“It is difficult to get a man to understand something when his salary depends upon his not understanding it.”
This past weekend I went to see the movie Smallfoot, and I gotta tell ya, it hit me in the feels.
I wouldn’t go so far as to say it’s a cinematic masterpiece, and if you’re not much for animated flicks, you’re probably not going to care much for this one, either. But with four daughters I’ve been a parent of small-ish children for most of my adult life, so at this point I’ve become something of a connoisseur of animated films. And while this one isn’t a Pixar movie by any stretch, it’s written around a theme that’s near and dear to my heart:
It’s a movie about questioning everything and following the evidence wherever it leads.
A Controversial Discovery
Set high atop a snow-covered Himalayan mountain surrounded by clouds, this film follows the saga of a happy-go-lucky Yeti (a.k.a. “Bigfoot”) named Migo (voiced by Channing Tatum) who discovers that his tribe is not alone when he encounters a human being, a “Smallfoot” if you will. He then rushes back to his idyllic village to report the exciting news only to find that the Stonekeeper, who maintains and interprets the community’s scriptures, disapproves of his declaration. According to the stones, no such creature exists.
Any expatriate of his or her childhood religion can probably guess where the story leads next. Charged with heresy, Migo is banished from the village and is taken in by a small band of fellow doubters who have similarly found reasons to believe the town scriptures could be in error. To my mind it’s no coincidence that the leader of this motley crew, Meechee (voiced by Zendaya), is the daughter of the Stonekeeper himself. Migo himself is the son of the Yeti tasked with ringing a ceremonial gong every morning in order to make the Sun come up.
Preacher’s kids know exactly what I’m talking about. Nothing endangers a belief system more directly than getting to see how the sausage is made, so to speak.
Migo decides to venture down below the clouds in search of the mythical creature which the stones insist cannot exist, and eventually he finds what he is looking for. I’ll skip over the minor plot details and tell you what hit me in the gut as the rest of the movie unfolds. Spoilers to follow, by the way.
When Migo returns to his village bearing proof that the Smallfoot exists, the priestly Stonekeeper reminds the village that the stones say such creatures cannot exist, and the stones cannot be wrong. Questioning the stones is forbidden, and anyone who impugns their infallibility marks himself an enemy of the Truth. The contradictory evidence is explained away and the community is told what it needs to hear in order to forget about what it has seen so that they can go about the business of changing absolutely nothing about the way they live.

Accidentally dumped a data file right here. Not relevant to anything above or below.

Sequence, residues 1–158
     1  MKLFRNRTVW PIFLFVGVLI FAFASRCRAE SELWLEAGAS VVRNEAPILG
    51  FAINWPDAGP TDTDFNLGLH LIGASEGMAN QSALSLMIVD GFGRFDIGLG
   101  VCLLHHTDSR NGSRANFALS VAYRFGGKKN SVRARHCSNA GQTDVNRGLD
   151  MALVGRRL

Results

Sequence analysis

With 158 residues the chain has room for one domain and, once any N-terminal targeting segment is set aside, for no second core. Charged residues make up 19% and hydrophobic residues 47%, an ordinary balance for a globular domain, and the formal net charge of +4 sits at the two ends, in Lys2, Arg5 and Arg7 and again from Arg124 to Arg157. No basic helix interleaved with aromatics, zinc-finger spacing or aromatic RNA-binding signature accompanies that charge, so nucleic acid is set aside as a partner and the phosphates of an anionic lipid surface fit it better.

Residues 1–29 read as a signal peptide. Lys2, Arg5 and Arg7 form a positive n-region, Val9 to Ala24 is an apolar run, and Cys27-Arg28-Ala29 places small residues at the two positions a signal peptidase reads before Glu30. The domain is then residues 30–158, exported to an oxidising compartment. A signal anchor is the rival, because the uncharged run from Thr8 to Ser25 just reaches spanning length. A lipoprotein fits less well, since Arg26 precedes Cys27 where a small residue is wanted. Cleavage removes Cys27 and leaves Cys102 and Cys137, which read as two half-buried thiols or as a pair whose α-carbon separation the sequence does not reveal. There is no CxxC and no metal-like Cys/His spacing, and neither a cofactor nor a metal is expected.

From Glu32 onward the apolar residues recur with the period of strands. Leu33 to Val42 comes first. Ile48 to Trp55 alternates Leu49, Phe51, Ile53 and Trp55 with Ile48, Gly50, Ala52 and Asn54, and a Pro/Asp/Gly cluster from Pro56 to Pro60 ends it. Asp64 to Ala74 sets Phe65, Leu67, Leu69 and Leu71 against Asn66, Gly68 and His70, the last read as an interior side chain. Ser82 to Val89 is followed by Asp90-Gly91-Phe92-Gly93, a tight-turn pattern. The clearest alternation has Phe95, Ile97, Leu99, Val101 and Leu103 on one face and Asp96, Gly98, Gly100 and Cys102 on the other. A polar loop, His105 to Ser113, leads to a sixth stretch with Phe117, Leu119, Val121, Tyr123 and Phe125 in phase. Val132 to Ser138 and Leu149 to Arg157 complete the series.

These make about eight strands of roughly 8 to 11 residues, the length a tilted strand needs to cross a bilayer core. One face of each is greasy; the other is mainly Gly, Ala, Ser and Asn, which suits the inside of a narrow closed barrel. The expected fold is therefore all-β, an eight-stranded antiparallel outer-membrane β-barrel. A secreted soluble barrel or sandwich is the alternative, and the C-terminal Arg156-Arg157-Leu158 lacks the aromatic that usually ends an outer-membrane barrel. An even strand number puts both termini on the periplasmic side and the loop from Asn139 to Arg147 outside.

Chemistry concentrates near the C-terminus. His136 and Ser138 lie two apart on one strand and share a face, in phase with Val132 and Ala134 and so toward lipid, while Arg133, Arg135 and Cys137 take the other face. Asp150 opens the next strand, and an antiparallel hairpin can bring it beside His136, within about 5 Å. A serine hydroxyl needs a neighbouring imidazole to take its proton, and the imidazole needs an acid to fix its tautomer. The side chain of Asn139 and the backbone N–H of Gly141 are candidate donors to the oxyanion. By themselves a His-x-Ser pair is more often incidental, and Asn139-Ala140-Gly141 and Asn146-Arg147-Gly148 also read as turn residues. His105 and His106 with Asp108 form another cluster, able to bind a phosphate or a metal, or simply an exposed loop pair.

Sound familiar? It’s even got a fantastical creation story that justifies the community’s repetitive busy work, which helps to preserve the literal machinery of the community’s religious order in the center of everything that they do.
As the story continues to unfold, we learn why the stones warn the Yeti not to leave their mountaintop utopia: the Stonekeeper’s secret is that humans do exist beneath the clouds but are a danger to the Yeti’s survival, terrified as they are by the gigantic, hairy beasts who dwell high above them. The Yeti community’s origin story turns out to be “good lies” created to scare the Yeti away from exploring what lurks beneath the clouds encircling the mountain. As long as this epistemic enclosure is maintained, the village is safe.
In time the fathers of both Migo and Meechee decide to set aside their religious commitments in order to save their children from both physical and psychological harm, and by the end of the movie they have completely rewritten the community’s origin story and purpose for existing.
This is where the movie loses me. In fact, it was like a punch in the gut, and I want to explain why. They myriad of fellow deconverts I know who are still unable to be themselves around their families need these things to be understood as well.
Not How Any of This Works
Up until Migo’s father finally discovered the fact that his daily ritual gong ringing was pointless (because the Sun comes up whether you do anything about it or not), all the reactions of the authority figures made sense. Well, except for the fact that the Stonekeeper knew good and well that the stones were just made-up rules in the first place.